Parliamentary Forum lobbies to become a proper regional governing body
By Danai Majaha in Windhoek.
There seems to be light at the end of the tunnel for a Southern African Development Community (SADC) regional parliament as the new SADC chairperson, Namibian President, Hage Geingob and his predecessor, President Cyril Ramaphosa of South Africa are backing the transformation of the current SADC Parliamentary Forum.
The transformation of the Parliamentary Forum (SADC PF) into a SADC Regional Parliament has been on the table since 2004, with all previous attempts shot down by regional leaders.
The SADC PF is an autonomous institution of SADC established in 1997 as a regional inter-parliamentary body made up of 14 national parliaments, representing over 3,500 parliamentarians in southern Africa.
The member parliaments are Angola, Botswana, Democratic Republic of Congo, Eswatini, Lesotho, Malawi, Mauritius, Mozambique, Namibia, Seychelles, South Africa, Tanzania, Zambia and Zimbabwe.
The forum has, however, not been able to fully contribute to policy-making that is important for regional integration because its formal role in SADC matters has not been realized.
This has seen the SADC PF embarking on a process over the years to develop a working relationship with the SADC Secretariat to create space for parliamentarians to participate more formally in regional integration processes.
Speaking during the 38th SADC Summit in Windhoek, Geingob said the proposed transformation of the SADC PF into a regional parliament will further “entrench democracy in the region.” He pledged to intensify the drive to establish a regional parliament that will bridge the gap between citizens of southern Africa and regional integration processes.
“During its chairmanship, Namibia promises to intensify discussions on the establishment of a SADC Parliament. We believe that the SADC Parliament will not only help buttress the governance architecture of the region, but will also be a key driver of our integration and development efforts,” Geingob said.
The same sentiment was echoed by Ramaphosa who said “parliamentary democracy is at the centre of our collective mission to give expression to the will of the people. The establishment of a SADC Parliament is therefore a matter to which we need to give due consideration.”
In its proposal, the SADC PF has argued that SADC should have its own regional parliament to operate in accordance with the three branches of governance: the Executive, the Judiciary, and the Legislative. It has, therefore, been arguing that the latter is the missing governance branch in the region, not forgetting that a previous SADC Summit dismissed the judiciary on the insistence of Zimbabwe’s former president.
The Parliamentary Forum further argued that the full implementation of the various SADC protocols that need to be ratified and domesticated into national legislation demands the existence of a regional parliament that will play an effective role at national, regional and international levels.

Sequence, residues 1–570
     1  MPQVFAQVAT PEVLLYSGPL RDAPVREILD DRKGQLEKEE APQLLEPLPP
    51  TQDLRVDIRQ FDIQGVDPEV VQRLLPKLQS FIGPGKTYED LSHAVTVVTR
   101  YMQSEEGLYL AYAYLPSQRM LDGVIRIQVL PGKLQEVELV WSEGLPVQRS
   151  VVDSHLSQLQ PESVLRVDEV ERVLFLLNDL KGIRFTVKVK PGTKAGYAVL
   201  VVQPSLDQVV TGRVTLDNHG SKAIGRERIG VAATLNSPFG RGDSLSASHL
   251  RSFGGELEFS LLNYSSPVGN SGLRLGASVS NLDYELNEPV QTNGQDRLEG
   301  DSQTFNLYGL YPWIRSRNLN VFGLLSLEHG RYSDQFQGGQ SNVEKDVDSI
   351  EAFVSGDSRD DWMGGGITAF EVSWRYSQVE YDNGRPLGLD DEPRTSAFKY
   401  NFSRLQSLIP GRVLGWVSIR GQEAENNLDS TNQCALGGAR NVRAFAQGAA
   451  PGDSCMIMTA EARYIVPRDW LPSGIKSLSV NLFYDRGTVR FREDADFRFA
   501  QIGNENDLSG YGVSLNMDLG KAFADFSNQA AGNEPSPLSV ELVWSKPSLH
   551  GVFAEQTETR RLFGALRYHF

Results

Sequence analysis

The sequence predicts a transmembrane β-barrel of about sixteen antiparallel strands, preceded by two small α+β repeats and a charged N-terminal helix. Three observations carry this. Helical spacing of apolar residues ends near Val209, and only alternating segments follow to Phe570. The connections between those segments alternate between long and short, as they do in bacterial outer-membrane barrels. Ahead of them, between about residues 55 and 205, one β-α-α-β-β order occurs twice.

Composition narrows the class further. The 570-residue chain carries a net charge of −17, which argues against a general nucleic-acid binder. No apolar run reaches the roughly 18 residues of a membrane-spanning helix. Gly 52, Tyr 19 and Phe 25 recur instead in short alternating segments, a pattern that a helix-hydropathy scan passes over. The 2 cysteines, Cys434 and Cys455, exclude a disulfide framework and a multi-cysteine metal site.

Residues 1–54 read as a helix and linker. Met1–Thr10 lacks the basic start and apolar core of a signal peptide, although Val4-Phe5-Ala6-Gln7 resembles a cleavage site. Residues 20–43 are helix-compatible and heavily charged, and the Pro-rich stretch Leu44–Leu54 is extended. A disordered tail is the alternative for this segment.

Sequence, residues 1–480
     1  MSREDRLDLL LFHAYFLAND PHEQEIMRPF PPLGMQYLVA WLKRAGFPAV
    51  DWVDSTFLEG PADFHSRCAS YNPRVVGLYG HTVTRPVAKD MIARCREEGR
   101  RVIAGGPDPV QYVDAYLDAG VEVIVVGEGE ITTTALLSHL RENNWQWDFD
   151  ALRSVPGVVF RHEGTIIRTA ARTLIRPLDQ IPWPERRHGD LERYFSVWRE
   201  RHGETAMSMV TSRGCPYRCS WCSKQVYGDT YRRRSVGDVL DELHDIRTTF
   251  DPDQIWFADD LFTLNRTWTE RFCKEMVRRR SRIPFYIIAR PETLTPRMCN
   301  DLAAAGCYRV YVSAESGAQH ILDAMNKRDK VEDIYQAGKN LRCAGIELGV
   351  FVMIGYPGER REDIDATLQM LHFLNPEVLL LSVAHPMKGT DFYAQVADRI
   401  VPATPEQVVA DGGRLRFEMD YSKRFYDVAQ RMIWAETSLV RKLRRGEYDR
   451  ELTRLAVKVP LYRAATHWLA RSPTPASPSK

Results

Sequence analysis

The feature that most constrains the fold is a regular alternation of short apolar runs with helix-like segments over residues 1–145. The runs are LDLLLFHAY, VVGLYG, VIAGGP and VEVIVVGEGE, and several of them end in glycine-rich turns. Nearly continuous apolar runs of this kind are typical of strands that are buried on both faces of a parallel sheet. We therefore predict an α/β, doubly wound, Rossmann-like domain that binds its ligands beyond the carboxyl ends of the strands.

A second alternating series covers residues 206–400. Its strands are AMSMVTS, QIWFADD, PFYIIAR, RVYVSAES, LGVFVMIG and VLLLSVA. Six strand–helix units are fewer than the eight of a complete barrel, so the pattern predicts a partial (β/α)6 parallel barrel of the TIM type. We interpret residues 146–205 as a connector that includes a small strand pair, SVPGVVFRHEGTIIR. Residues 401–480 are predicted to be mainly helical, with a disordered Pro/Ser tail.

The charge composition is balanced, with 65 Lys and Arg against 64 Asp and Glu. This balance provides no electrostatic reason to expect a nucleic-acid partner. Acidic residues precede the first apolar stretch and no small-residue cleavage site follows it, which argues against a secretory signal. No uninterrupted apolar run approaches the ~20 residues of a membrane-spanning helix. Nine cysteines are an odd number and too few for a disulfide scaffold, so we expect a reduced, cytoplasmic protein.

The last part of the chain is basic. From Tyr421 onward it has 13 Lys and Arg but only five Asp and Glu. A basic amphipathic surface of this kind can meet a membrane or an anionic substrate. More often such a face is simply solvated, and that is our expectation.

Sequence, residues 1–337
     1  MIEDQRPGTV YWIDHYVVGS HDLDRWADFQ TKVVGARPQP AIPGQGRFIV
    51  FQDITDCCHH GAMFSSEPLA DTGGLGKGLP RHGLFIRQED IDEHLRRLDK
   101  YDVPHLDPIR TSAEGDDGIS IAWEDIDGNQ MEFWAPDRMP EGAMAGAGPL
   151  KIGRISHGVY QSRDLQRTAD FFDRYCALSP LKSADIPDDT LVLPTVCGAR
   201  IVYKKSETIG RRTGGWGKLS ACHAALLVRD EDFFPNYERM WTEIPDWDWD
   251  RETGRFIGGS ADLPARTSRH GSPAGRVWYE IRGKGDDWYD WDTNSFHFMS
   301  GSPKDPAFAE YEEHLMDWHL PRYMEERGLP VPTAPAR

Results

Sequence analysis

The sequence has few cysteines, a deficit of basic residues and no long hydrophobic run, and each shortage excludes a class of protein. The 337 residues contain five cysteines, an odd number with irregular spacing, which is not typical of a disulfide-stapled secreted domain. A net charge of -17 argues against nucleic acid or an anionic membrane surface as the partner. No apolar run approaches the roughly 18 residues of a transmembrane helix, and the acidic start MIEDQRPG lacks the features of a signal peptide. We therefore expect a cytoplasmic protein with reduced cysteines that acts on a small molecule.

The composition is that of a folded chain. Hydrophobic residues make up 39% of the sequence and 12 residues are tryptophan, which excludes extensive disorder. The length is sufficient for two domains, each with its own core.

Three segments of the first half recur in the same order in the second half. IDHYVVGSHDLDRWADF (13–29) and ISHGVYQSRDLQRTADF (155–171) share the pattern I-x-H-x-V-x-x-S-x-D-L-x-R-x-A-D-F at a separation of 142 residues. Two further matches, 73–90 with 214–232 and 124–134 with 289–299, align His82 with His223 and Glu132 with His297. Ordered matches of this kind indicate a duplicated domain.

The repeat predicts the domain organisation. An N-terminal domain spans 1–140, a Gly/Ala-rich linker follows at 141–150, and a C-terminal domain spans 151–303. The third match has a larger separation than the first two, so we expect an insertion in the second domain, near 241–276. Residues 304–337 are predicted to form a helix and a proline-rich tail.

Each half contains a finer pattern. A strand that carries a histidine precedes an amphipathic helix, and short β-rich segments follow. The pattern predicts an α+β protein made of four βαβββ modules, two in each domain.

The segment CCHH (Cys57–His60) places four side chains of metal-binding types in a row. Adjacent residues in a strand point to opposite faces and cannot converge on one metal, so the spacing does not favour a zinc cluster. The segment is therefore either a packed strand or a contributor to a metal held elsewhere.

The proposed regional parliament will be expected to facilitate the ratification and domestication of SADC protocols and other legal instruments as well as the continental and international treaties or agreements to which the region has acceded.
However, the proposed parliament will respect the sovereignty of member parliaments and will be subservient to the SADC Organ on Politics, Defence and Security Cooperation, which will maintain formal and legal relations with other SADC institutions under the authority of the summit of heads of state and government.
Another function of the proposed parliament will be to strengthen and facilitate the effective implementation of SADC policies and programmes, thereby improving the capacity of the regional organisation to achieve its targets.
Once operational, the proposed SADC Regional Parliament will draft and approve model laws of common interest that will assist in improving the quality of life of citizens of the region.
In terms of financial implications of the transformation of the forum into a parliament, SADC PF has argued that this will not result in any increased costs for national budgets.
This is because the central financing of the regional parliament will be based on the current arrangement where member parliaments make equal contributions annually.
The proposal is that the current secretariat of the SADC PF will continue as the secretariat of the regional parliament, with its headquarters remaining in Windhoek.
It is further proposed that the regional parliament will hold rotating sessions in the member states. This is already happening where plenary assemblies of the SADC PF are currently hosted by member parliaments.
Southern African News Features are produced by the Southern African Research and Documentation Centre (SARDC), which has monitored regional developments since 1985. Website and Virtual Library for Southern Africa at www.sardc.net